Author: <span>Fabrice Caporal</span>

Author: Fabrice Caporal

Having the right tools is half the battle – TRAPI

Webinar Recorded 10/17/2022. This is NATGA’s first webinar under the TRAPI umbrella. We highlight the current tools and technologies using DNA to characterize fungal species and populations present in truffle orchards. The team discussed what these genetic tools are and what they can tell us, how these insights might be applied to management, and how current and emerging genetic technologies may help us to provide better information on the living communities present in your orchard.

A Study of Truffle Mycorrhiza Ecology with Dr. Rytas Vilgaly

Webinar recorded September 19 2022. On a cold morning in February 2022 the Microbial Ecology and Evolution class (Bio557L) from Duke University visited Burwell Farms in north central North Carolina. The class was led by Dr. Rytas Vilgalys, Dr. Jake Nash and Dr. Corbin Bryan. Burwell Farms invited the class to conduct research on the effects of high pH and other orchard management practices on Tuber borchii and native fungi and bacteria. Burwell Farms has earned fame for having successfully cultivating T. borchii with loblolly pine and is currently the USA’s most productive truffle orchard (Smithsonian Magazine June 2021). The students learned best truffle cultivation practices and how two dogs, Elora and Laddie, work to find truffles. As part of the class project, students collected fresh soil and root samples from within and outside the truffle orchard. Then students performed a series of forest microbiome analyses using both Sanger and nextgen sequencing (ITS gene for fungi, 16S gene for bacteria). In this webinar, Dr. Vilgalys will present their findings which compare the fungal and bacterial communities associated with managed and natural pine forest microbiomes.

Unearthing the Appalachian…or, Can I Lick Your Bottom, canaliculatum. (An important mnemonic device) by Ben Kable

Webinar recorded July 18 2022

As the twinkling of the last star fades
The morning mists arise
The secrets of the forest lie
Beneath their earthly guise

The mossy duff exudes
An ancient aromatic lure
Of reproductive readiness
Irresistible and pure

A bouquet of love, and want and spice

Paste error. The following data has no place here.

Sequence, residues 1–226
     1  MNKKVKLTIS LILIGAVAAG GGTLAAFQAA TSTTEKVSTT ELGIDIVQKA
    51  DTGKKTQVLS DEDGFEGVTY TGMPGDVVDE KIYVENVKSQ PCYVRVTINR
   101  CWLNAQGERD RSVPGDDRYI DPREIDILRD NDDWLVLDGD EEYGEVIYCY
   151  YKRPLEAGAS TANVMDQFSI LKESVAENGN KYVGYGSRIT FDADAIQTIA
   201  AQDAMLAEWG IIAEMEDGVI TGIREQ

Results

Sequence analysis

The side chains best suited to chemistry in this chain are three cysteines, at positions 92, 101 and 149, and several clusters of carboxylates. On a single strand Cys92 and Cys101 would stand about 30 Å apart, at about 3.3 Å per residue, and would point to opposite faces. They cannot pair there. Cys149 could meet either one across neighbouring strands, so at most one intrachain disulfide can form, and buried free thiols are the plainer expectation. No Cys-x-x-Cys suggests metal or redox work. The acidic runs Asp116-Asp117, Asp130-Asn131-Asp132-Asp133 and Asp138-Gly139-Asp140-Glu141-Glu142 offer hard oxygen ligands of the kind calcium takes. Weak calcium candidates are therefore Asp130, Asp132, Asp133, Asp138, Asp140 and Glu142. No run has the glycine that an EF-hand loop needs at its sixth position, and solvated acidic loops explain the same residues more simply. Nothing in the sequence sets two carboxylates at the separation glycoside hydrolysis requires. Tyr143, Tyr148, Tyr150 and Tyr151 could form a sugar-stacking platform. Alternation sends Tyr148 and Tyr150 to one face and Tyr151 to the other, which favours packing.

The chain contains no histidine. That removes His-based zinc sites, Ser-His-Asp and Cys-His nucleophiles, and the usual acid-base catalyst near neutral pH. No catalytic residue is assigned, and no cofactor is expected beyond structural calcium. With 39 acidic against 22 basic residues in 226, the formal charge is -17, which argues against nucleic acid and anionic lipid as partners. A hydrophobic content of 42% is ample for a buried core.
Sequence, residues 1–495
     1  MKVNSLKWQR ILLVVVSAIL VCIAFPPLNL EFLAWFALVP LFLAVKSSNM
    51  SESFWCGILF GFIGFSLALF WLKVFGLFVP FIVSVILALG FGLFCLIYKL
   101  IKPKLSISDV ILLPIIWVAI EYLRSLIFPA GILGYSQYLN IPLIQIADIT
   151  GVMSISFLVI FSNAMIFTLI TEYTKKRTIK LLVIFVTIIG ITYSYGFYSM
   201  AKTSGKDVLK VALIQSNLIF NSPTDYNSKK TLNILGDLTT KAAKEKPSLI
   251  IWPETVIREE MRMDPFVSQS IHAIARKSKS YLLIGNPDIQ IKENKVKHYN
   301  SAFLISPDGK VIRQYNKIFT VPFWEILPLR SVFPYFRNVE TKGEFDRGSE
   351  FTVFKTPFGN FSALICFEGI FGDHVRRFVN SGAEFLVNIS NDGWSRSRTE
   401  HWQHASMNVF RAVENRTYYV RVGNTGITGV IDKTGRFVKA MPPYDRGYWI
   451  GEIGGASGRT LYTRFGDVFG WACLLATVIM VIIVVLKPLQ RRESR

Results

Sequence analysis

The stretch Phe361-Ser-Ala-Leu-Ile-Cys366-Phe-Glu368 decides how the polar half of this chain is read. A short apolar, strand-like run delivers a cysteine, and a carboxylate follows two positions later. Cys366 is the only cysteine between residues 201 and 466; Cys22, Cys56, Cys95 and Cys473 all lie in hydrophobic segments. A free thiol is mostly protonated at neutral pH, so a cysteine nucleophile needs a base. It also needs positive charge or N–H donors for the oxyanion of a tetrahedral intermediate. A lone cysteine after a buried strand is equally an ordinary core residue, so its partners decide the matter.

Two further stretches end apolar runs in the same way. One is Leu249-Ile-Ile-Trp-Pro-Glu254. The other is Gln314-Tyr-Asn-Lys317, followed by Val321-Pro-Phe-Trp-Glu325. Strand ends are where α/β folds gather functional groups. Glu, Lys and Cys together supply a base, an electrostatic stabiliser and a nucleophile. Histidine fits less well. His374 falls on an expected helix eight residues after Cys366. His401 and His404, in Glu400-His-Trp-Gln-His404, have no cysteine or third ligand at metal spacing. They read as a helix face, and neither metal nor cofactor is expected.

Rivulets arise
Invisible on morning air Belie
A subterranean surprise

The damp silence, split by echoes
The jingle of a dog
The gravel crunches underfoot
In the eastern mountain fog

The huffing puffing quadruped
Detects the ancient scent
His head snaps to, he drops his nose
To find the hunts intent

He circles against the gradient
Of biochemical diffusion
A miracle of mammalian
Olfactory evolution

A cool dawn breeze amongst the trees
The leaves, the spruce duff rustle
A frantic paw pulls back the moss –
The Appalachian truffle

Basic experimental concepts for testing management options in truffle orchards with Mark Coleman and Shannon Berch

Truffle growers have a lot of ideas and information available on management practices necessary to produce truffles. Sometimes ideas conflict, it is not clear what level of a treatment is most effective, or you have an off-the-wall idea to try. We can test our ideas and decide which practices work best using basic experimental methods. This webinar reviews those methods and encourages the sharing of results to help us all learn. The discussion will include how to use controlled experiments to test approaches or ideas, i.e., your hypothesis, and consider different types of variables, experimental subjects, replication, controls, and how to decide if observed responses are meaningful. We will also consider some essentials that make it easy to document the justification, approach, and results of your test. Beyond these basic requirements, understanding basic experimental practices is essential to successfully host meaningful research conducted by truffle scientists.

What do truffles mean? by Rowan Jacobsen

For centuries, truffles have been marketed as the ultimate luxury food, a precious morsel to be had in fancy restaurants. While this has kept their perceived value high, it has also made them off-putting to many consumers, and has prevented them from being widely embraced in many cultures. Americans know very little about truffles, and are intimidated from trying to learn more. This is a missed opportunity, because truffles are perfectly positioned to appeal to changing American tastes. They are powerful, exotic, mysterious, and excellent representatives of the landscapes in which they grow. They also speak to Americans’ growing interest in the flavors of the natural world. Rowan Jacobsen has spent the past two years visiting truffle hunters and truffle farms in half a dozen countries, and he presents his thoughts on what truffles mean to different cultures, and how they might be freed from their staid luxury prison in the United States and repositioned as a dynamic 21st-century ingredient.